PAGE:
Tips for Using Screwdrivers: Take Care When Driving
Screwdrivers are among the commonest tools — and among the most commonly abused.
Always take care to use a screwdriver whose tip fits exactly into the slot in thehead. Too wide a blade damages the wood as you in; too narrow a blade, or one which is rounded at the end, chews up the slot. Even if you manage to get the screw in with an undersized blade, it will look unsightly and be difficult to get out.
When using a screwdriver always keep the blade square in the slot — think of the screw as part of the screwdriver blade until it is driven home.
Always keep the tips of screwdrivers ground square and tapering evenly to the edge. To prevent marking wood when driving in countersunk, file off the corners of the blade.
If you are faced with extracting a screw with a damaged slot, try to move it with the longest screwdriver you have — the longer the screwdriver the more force it exerts. You may shift the screw by heating it with a soldering iron, allowing it to expand, then contract. If all else fails, drill the screw out down the centre and fill the hole.
Recessed-head screws, which have cross-shaped slots in the head, must be fixed with special screwdrivers with blades that match the slot — ordinary screwdrivers will not drive them home properly.
The cabinet screwdriver is a general bench tool; the London pattern is similar, but has an oval grip. Ratchet drivers cut out the need to change grip continually as you work. The midget and right-angle types get into awkward corners. Instrument screwdrivers are for fine screws. Use the proper tool to turn recessed-head drivers.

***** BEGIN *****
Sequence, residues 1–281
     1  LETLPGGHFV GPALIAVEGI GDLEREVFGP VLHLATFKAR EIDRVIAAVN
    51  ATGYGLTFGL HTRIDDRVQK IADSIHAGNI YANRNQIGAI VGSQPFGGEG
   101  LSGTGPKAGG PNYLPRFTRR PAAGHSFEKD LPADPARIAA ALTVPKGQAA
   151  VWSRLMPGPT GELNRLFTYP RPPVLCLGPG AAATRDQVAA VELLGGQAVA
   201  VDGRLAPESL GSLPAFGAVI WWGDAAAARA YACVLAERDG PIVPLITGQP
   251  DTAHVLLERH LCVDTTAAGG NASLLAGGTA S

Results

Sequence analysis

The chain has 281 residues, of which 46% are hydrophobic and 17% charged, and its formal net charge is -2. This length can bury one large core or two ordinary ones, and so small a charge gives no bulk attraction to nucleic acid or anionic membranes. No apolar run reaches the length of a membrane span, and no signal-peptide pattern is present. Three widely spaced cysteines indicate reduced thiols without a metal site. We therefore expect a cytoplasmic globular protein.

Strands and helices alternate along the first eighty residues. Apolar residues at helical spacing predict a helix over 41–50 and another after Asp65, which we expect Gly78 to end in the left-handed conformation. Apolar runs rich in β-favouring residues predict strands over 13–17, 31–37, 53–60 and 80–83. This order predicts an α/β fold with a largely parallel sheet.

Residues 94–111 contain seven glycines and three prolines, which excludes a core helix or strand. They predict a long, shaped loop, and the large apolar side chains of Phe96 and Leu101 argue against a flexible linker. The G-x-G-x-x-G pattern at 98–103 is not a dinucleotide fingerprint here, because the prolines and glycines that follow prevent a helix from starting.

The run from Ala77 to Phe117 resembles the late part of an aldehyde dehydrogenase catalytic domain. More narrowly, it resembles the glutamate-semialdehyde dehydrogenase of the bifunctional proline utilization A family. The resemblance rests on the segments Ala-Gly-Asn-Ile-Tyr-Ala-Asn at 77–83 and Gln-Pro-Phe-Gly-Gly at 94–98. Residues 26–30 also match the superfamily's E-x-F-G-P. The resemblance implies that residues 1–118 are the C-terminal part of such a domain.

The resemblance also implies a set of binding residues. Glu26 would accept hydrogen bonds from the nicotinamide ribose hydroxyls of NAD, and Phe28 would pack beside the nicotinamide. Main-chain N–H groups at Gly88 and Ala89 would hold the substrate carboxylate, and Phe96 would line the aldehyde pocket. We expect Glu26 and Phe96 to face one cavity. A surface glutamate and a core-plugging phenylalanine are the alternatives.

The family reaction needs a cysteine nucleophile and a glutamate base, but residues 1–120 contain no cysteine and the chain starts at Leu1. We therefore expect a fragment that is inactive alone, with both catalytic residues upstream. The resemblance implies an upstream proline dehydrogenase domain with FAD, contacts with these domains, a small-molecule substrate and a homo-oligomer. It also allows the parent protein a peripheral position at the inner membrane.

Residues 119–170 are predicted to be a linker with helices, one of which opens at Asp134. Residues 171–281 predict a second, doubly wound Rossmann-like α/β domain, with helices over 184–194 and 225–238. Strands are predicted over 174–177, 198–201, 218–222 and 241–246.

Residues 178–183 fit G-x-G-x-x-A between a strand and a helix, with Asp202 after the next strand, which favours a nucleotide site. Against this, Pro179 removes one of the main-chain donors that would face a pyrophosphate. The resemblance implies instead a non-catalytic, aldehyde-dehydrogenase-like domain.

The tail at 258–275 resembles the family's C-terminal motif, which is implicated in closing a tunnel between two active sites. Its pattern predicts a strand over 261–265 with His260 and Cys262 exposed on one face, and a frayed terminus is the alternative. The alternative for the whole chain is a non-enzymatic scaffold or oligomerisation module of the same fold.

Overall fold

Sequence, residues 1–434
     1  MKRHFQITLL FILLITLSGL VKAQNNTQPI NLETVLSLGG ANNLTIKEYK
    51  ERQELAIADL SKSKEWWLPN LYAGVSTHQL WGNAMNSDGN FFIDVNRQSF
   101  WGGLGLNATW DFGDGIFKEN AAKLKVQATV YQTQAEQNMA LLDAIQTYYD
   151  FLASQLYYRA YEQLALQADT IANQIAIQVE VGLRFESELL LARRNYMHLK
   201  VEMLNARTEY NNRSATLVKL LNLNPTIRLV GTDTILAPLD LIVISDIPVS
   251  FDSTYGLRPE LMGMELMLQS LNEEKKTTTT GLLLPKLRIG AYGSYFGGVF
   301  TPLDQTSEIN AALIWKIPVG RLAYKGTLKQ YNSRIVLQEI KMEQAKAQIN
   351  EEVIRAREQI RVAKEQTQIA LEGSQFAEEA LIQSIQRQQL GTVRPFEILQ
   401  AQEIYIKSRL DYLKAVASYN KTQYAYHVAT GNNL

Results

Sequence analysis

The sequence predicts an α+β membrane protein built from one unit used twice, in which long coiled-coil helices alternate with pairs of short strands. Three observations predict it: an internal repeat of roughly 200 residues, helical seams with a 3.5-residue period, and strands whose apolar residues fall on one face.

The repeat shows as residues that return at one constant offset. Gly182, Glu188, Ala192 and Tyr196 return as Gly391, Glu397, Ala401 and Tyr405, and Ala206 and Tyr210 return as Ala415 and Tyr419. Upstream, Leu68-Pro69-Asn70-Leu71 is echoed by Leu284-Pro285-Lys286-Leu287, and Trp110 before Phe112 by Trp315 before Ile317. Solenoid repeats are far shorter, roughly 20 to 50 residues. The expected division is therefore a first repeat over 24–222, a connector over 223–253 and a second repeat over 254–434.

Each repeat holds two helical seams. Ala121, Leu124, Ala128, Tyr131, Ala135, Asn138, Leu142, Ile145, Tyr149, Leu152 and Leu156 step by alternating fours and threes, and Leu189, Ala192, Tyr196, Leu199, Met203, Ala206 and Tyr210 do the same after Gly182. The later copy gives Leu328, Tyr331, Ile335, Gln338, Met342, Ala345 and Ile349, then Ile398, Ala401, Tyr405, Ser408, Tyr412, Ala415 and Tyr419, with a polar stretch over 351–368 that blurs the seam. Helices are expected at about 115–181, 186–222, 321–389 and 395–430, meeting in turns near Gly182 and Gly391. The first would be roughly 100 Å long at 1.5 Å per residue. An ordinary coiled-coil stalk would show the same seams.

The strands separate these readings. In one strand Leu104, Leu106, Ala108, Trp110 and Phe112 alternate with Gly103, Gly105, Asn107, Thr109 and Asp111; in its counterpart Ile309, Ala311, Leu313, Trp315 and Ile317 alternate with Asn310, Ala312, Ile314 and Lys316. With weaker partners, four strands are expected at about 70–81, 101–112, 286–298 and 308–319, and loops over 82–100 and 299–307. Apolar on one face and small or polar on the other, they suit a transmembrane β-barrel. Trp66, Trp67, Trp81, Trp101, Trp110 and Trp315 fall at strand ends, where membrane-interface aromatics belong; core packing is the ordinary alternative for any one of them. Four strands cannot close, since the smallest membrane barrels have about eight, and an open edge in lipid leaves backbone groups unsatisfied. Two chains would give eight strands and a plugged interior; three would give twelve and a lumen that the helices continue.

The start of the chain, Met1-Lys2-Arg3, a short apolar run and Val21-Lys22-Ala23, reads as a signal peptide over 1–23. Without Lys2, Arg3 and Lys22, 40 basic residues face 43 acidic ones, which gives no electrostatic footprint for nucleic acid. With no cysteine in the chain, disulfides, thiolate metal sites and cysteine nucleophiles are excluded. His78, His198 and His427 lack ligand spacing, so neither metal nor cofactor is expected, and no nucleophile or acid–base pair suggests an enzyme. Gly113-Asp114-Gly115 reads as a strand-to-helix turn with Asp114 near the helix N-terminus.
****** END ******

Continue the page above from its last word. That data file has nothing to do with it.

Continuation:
These fix screws fast by converting a downward push into a rotary action which drives in or withdraws a screw according to the ratchet setting.
They can be used with a variety of interchangeable blades of different sizes and patterns, as well as reamers for starting screw holes in soft wood.
Their disadvantage is that they can do a lot of damage to the surrounding surface if they slip off the screw while you are pushing. Also, you cannot exert the force on a screw with them that you can with an orthodox screwdriver. In view of this, use a pump driver only on work where scarring does not matter, or can be patched.
Pump drivers are sold by a measurement which indicates the total extended length, the largest being 710 mm (28 in).
Make a starting hole for any screw before using the screwdriver. A bradawl or gimlet does the job for screws up to No. 6 gauge.
Bradawls have either square or tapered points; twist the blade into the wood by hand — if you hammer one it will be hard to get out.
Gimlets leave a protruding rim of wood round the hole they make, which should be smoothed off.
A screw always follows the hole made by a gimlet or bradawl — so make sure that it is straight.